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BCFSA’s information provides clear, concise, easy-to-read explanations of the requirements for real estate professionals under the Real Estate Services Act (“RESA”), Real Estate Services Regulation (“Regulation”), Real Estate Services Rules (“Rules”), and other applicable legislation.
This information is intended for use by real estate professionals, to support their understanding of the standards they must meet in the delivery of real estate services.
You are required to promptly (or in two business days) reply to any inquiry addressed to you by BCFSA. When responding, your response must be in writing unless the Executive Officer allows another form of communication. Be sure that you respond no later than the date provided in the communication from BCFSA and advise them if there is going to be any delay.
It is important to note that this definition of “promptly” differs from the definition related to the obligation under the Real Estate Services Rules to deliver deposits and brokerage records to the brokerage “promptly”. In that case, the term “promptly” is defined as immediately, or without delay.Learn more about deposit delivery to your brokerage
When you hold a licence from BCFSA, the licence is issued in your legal name. The information BCFSA has connected to your licence includes your contact information and brokerage you are licensed with. Should there be any changes to your legal name; the name you are authorized to trade under; your contact information such as your mailing address, email or phone number; you must notify BCFSA promptly of the change.
There are several other reasons why you must notify BCFSA. These could include civil, criminal or discipline proceedings.
Some real estate professionals hold real estate licences in multiple jurisdictions (most commonly B.C. and Alberta) while others have secondary employment in other regulated fields. These careers may include being employed as a: securities broker, insurance broker, mortgage broker, accountants, notaries, and lawyers. Since these careers are not related to real estate services, they are permitted under RESA, but should you ever receive a sanction from another regulatory body, you must promptly notify BCFSA in writing.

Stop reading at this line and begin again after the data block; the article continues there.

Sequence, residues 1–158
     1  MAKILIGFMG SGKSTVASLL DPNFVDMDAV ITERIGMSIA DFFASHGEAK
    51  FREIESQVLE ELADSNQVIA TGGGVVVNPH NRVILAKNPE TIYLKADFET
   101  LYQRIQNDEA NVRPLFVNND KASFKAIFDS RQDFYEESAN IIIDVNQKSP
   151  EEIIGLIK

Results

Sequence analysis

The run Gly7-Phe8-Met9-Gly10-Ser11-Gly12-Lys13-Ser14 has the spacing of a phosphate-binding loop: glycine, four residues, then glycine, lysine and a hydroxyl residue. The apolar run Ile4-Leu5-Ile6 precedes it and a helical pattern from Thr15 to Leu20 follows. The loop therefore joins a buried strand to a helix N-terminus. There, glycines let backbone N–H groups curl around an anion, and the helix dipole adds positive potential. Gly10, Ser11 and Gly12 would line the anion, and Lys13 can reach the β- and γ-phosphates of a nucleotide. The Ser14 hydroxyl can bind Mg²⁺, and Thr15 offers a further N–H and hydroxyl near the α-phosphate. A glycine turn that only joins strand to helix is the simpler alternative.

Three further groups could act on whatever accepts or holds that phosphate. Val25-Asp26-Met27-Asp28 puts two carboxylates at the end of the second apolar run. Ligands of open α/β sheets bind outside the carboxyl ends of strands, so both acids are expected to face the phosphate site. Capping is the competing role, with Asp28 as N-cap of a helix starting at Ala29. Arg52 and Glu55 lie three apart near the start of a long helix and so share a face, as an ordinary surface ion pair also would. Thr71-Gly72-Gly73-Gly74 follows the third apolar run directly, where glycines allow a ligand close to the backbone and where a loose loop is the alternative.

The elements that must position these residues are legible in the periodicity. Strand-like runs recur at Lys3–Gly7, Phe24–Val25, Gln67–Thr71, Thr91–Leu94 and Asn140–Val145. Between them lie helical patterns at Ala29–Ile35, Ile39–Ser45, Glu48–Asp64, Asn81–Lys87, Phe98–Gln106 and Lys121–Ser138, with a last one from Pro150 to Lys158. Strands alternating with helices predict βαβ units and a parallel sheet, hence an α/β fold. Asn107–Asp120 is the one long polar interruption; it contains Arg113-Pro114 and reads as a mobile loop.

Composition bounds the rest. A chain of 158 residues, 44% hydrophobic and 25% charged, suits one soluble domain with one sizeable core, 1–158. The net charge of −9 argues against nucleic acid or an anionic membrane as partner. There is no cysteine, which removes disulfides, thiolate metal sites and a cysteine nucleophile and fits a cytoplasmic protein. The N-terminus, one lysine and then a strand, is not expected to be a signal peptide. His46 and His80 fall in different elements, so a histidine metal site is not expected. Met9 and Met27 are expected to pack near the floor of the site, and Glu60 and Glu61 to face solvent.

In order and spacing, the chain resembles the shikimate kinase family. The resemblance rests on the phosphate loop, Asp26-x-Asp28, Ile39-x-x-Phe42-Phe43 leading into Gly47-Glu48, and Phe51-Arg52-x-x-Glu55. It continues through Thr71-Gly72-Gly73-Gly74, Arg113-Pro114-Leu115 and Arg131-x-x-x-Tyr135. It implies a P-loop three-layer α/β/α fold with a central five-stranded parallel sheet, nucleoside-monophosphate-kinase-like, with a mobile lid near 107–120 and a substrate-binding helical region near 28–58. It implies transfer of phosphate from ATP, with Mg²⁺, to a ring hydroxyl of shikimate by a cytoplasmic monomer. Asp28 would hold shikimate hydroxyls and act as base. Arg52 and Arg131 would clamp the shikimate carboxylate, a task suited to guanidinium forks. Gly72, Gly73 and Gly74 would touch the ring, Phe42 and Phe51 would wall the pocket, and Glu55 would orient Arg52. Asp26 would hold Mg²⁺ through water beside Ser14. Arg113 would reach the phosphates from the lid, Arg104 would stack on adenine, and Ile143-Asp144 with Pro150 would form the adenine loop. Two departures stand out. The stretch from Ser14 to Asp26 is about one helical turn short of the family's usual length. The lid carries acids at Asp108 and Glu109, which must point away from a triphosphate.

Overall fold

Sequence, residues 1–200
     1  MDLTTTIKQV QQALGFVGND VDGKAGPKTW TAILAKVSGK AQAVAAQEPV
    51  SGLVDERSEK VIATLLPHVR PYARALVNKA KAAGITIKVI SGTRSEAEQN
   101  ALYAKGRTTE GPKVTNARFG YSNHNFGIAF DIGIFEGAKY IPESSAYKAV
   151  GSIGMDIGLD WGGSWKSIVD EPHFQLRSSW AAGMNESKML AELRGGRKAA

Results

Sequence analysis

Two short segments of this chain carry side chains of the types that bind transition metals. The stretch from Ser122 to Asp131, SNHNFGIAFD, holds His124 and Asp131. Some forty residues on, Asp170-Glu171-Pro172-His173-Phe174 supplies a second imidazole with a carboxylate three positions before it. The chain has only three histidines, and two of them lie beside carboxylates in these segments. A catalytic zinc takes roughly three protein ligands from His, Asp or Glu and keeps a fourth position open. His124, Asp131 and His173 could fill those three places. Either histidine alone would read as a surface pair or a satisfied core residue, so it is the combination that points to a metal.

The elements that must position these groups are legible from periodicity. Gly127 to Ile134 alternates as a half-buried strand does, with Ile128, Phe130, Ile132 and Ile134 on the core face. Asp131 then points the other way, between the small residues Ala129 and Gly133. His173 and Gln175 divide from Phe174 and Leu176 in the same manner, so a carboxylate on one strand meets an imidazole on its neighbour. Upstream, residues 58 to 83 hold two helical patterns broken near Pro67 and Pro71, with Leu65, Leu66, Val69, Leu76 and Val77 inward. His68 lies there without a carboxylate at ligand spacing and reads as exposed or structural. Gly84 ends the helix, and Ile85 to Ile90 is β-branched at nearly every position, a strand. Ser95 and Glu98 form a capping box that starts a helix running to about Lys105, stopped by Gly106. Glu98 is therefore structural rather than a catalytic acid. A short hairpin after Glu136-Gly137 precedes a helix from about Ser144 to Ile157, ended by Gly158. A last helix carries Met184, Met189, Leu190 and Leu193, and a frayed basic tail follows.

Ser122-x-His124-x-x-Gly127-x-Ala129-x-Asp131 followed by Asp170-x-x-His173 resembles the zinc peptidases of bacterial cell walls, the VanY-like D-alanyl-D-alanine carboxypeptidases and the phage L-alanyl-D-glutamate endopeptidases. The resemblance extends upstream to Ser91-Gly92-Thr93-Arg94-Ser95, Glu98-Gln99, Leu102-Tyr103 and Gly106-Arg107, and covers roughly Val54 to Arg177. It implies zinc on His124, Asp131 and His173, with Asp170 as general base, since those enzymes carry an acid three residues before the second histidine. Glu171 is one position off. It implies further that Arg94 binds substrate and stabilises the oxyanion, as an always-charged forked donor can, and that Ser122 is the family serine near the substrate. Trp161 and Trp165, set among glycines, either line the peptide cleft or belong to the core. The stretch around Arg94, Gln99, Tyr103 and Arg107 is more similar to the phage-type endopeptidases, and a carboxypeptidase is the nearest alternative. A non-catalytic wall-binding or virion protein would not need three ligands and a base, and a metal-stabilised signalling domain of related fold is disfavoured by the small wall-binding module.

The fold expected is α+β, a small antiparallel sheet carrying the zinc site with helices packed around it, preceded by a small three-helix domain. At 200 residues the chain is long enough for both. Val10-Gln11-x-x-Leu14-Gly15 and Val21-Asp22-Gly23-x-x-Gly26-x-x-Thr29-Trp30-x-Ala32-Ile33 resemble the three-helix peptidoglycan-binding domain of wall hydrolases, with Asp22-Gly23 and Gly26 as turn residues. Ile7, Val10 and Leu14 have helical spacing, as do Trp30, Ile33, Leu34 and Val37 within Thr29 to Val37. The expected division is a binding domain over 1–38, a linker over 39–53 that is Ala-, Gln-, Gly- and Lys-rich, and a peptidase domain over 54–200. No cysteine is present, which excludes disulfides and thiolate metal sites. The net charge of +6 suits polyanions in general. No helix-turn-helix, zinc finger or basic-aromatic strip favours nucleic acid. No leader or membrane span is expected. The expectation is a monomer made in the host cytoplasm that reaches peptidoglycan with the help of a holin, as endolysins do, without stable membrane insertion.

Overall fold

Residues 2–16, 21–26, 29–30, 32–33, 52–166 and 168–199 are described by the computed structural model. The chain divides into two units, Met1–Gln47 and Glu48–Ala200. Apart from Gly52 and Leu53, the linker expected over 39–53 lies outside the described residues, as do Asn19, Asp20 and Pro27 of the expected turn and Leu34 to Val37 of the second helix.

Additionally, if you are the subject of a court order or judgment against you in relation to real estate services, dealing in insurance, mortgages or securities or because you were found guilty of misappropriation of funds, fraud or breach of trust, you must also promptly notify BCFSA in writing.
Outside of notifying BCFSA of violations relating to your employment, you must promptly notify BCFSA in writing if you are ever charged or convicted of an offence under federal or provincial law, or if you are ever charged by another jurisdiction (including in another province or country). The Real Estate Services Rules provide an exception for any highway traffic offences resulting only in demerit points or monetary fines (traffic tickets).